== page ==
Helping Young Kids Adjust to a Move

7736032314_5c69699f36_qIt’s funny, growing up I didn’t really move at all. I lived in the same house in a small midwestern town from age 2 to 18. But, since leaving home for college I’ve had my share of moves. Seventeen different abodes in now three states. I didn’t really mean to turn into a nomad, it just sort of happened. You get pretty good at paring down belongings and change of address notifications.

But, moving with kids is a whole different ball of wax. Our little family recently survived a cross-country move. Although I knew it would be a big adjustment for my husband and I, the person I’ve been thinking about most is our four-year-old son. Knowing that kids thrive on routine and familiarity, and given his love for his nanny and fondness for his preschool, I worried. Would this be a traumatic experience for him?

So, I asked around and read and thought a bit about how to help our son adjust. I’m still no expert, but now that we’re on the other side I thought I’d share some things that we did that seemed to help, as well as a few written resources that I liked. These suggestions are most relevant to young children, but perhaps not surprisingly, I’ve found that many of the strategies transcend age- those that seem to have helped my son get through this change have also helped me.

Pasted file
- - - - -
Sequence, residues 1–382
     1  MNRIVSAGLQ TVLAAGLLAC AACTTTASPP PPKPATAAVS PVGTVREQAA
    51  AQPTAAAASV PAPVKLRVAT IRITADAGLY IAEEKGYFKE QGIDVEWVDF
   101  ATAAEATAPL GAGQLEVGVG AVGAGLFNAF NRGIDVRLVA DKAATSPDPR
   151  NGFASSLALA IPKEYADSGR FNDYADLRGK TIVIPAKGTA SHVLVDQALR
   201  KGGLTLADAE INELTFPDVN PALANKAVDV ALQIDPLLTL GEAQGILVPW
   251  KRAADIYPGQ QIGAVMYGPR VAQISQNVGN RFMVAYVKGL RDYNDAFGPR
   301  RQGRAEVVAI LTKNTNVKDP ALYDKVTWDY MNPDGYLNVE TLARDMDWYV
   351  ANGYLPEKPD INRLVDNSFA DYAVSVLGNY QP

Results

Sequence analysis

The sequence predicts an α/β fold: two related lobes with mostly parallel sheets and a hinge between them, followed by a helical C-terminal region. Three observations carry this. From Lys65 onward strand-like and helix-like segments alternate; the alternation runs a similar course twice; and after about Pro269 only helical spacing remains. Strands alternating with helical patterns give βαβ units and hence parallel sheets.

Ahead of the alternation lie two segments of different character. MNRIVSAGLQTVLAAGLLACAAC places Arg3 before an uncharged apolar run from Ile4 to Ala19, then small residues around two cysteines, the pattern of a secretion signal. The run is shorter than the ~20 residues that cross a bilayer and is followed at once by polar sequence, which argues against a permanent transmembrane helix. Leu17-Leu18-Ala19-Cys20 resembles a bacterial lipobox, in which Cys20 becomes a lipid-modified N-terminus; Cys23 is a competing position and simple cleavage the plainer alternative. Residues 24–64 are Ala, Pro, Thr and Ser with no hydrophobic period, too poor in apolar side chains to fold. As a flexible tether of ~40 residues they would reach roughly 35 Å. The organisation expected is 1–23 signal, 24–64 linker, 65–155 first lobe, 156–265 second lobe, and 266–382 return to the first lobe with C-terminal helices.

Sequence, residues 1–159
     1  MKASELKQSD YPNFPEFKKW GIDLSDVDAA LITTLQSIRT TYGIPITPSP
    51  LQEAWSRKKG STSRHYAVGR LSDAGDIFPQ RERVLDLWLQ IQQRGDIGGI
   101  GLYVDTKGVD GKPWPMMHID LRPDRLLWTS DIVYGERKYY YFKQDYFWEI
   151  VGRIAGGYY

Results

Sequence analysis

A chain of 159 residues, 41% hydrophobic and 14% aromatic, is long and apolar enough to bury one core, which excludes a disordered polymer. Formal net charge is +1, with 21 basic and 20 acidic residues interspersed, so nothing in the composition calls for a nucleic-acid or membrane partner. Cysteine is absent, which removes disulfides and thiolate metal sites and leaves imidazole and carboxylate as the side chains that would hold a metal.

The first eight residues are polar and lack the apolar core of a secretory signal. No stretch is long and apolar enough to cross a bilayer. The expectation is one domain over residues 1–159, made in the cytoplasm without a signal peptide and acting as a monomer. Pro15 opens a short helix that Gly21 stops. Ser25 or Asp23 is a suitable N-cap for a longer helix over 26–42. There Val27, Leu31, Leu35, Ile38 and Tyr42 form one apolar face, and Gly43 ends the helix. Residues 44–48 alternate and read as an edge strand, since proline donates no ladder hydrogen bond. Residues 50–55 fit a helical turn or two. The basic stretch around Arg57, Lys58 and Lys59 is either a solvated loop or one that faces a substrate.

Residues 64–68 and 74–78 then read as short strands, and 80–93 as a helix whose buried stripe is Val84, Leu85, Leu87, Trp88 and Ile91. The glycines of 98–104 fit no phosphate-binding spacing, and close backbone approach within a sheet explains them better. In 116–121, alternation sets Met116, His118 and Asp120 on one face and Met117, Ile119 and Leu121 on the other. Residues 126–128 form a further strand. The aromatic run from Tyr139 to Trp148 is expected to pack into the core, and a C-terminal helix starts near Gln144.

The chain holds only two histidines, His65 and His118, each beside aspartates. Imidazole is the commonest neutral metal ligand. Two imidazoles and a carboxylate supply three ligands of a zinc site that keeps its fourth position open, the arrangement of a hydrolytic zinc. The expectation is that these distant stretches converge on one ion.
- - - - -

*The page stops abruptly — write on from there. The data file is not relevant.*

Sometime (not too long) before the move occurs, talk your child through what will happen. We made sure to explain that we were all going together, that all of our belongings were coming with us, and showed him pictures of our new home. My son and I searched for fun things to do in our new city and saved them on a Pinterest board. He frequently asked to look at the “fun stuff pictures”. We were also honest with him about cherished family and friends who wouldn’t be coming with us and answered (many!) questions he had about why we had to move in the first place.